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New findings can improve care of patients suffering from rheumatic diseases

Ongoing studies have shown that sleep patterns, emotional support and alcohol habits, among other factors, are important for a good health-related quality of life for patients suffering from rheumatic diseases. Knowledge of these findings can be used to improve the care of such patients.

Although different medical treatments have greatly improved the situation for patients with rheumatic diseases, much is still unknown regarding factors that predict a healthier outcome.

The School of Health Sciences in Jönköping has, in collaboration with Spenshult Hospital for Rheumatic Diseases (the only one of its kind in Sweden), several projects that highlight the patient's perspective of rheumatic diseases.

"One important finding in ongoing studies is a healthier outcome in subjects who feel rested after sleep, but emotional support, sleep patterns, smoking and alcohol habits also appear to be important components. Knowledge of health factors associated to the development of a good health-related quality of life could be of use in clinical practice and public health work," says Professor Bengt Fridlund, School of Health Sciences.

From a patient perspective regarding the cause of rheumatoid arthritis, based on caring science and research carried out by a multi-professional team, new knowledge has been gained that adds to the understanding of the disease. Different conceptions based on qualitative research techniques regarding the cause can be linked to certain personal and biological factors. "These could give new clues to the origin of the disease and improve the type of health care provided. For example, it is fair to assume that a patient who associates his/her disorder with physical strain may be reluctant to accept a suggestion to improve their condition by physical training and exercise."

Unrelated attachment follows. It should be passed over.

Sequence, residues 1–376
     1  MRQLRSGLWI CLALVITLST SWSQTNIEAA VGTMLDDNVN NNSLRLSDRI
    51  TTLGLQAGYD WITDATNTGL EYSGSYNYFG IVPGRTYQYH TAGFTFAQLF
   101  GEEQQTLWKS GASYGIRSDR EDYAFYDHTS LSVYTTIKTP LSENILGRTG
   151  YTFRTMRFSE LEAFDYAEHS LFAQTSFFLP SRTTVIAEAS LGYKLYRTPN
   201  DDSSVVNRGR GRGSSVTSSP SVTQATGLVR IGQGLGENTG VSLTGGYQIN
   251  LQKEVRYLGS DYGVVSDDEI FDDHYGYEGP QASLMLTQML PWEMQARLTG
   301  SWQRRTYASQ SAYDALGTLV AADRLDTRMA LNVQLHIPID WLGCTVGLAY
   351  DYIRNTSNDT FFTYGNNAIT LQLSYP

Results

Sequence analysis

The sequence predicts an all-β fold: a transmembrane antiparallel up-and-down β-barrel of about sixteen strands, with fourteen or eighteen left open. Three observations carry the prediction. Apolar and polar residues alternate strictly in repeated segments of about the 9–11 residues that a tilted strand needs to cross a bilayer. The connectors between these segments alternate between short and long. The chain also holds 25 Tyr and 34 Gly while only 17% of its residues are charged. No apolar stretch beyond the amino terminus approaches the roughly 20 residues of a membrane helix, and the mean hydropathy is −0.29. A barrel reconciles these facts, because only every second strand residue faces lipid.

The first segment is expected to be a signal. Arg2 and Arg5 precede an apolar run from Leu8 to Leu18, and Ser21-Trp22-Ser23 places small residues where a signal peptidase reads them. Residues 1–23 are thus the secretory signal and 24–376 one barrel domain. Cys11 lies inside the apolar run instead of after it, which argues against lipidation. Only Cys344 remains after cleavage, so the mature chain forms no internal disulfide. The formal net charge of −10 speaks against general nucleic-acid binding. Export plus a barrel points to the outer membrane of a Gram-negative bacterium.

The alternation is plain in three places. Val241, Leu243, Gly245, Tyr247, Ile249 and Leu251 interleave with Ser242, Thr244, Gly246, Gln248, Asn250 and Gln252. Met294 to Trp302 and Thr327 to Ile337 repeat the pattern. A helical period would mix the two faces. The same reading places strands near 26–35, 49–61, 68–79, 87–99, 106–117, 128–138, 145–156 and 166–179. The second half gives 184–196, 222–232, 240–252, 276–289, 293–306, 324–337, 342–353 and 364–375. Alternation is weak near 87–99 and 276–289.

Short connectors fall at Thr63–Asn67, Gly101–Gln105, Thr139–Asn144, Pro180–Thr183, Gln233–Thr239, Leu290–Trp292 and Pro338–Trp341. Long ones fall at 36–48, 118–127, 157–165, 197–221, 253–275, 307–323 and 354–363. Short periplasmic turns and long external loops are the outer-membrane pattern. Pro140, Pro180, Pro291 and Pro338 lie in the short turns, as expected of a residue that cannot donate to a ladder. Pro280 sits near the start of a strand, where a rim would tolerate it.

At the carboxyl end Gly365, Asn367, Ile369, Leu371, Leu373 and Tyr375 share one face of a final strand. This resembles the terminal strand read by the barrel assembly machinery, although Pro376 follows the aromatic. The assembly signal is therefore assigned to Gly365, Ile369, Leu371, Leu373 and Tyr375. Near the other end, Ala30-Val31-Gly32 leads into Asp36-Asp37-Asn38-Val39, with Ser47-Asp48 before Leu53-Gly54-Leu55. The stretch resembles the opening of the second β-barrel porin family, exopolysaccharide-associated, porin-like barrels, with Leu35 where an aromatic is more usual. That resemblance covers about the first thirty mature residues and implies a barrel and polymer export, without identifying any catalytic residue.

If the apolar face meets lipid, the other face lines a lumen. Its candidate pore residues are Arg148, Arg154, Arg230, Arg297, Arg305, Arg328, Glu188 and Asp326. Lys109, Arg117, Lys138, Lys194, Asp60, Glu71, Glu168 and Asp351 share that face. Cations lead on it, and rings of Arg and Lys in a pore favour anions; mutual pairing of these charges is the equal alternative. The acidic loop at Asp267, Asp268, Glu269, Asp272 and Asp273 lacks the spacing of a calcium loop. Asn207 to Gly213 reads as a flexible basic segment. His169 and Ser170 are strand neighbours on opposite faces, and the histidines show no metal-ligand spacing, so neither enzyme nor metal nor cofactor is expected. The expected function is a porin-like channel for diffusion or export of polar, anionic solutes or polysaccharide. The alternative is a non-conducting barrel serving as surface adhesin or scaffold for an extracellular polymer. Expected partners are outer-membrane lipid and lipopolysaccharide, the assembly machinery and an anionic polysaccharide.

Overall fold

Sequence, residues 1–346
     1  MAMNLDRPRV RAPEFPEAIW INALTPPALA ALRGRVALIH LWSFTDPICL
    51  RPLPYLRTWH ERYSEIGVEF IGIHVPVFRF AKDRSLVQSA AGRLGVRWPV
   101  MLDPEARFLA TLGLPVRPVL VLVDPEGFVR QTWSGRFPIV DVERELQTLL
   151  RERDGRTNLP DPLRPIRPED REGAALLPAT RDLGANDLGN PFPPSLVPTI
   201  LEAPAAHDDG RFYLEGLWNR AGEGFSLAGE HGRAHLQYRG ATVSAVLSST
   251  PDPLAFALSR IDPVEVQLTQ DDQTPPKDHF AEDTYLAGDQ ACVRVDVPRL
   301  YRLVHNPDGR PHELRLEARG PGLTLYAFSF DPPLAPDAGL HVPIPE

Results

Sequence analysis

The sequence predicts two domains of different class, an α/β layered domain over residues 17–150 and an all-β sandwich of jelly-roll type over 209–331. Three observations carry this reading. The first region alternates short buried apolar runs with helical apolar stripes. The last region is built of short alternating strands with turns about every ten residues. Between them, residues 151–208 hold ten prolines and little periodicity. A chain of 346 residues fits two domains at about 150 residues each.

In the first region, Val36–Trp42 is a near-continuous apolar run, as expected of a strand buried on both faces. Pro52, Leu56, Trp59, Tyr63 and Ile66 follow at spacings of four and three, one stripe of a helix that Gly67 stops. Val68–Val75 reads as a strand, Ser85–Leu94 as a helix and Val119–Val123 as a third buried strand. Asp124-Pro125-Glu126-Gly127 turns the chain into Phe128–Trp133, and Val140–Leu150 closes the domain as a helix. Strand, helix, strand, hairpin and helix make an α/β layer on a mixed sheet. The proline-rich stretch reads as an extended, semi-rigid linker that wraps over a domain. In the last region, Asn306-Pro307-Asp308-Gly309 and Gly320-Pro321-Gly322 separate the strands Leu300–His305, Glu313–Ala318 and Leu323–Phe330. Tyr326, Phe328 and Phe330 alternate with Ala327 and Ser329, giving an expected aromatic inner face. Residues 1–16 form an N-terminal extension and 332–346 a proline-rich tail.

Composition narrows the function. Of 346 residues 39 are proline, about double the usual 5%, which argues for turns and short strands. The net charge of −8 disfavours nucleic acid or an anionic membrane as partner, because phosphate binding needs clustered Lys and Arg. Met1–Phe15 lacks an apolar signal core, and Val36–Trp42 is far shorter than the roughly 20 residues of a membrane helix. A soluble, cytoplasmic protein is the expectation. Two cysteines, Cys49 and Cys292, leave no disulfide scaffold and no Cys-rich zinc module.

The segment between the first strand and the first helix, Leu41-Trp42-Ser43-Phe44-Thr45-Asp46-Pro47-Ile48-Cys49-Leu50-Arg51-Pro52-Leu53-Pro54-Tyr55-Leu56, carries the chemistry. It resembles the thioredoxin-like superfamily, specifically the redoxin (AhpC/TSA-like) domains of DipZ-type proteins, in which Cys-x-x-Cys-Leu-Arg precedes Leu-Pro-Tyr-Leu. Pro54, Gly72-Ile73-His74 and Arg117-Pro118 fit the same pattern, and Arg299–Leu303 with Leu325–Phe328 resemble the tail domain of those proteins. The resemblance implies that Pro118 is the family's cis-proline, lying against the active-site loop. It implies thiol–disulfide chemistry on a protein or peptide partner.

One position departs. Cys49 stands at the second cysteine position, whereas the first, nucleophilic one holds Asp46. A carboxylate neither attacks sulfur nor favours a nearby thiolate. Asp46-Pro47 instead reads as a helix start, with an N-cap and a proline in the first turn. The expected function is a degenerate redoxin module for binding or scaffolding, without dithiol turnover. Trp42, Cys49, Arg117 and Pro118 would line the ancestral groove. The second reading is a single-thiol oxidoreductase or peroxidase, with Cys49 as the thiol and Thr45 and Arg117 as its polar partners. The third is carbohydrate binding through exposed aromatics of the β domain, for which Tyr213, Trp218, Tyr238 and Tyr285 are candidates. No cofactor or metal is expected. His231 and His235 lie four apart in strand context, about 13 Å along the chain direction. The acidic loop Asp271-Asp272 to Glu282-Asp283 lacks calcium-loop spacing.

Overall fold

The research results are being implemented in a problem-based learning programme aimed at patients with rheumatic diseases who have insufficient relief from pain and fatigue. This programme is under evaluation.

Read more about Professor Bengt Fridlund's research
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For further information, please contact:
Professor Bengt Fridlund,
mobile: +46 (0)76 761 12 33

Marie Olofsson | idw
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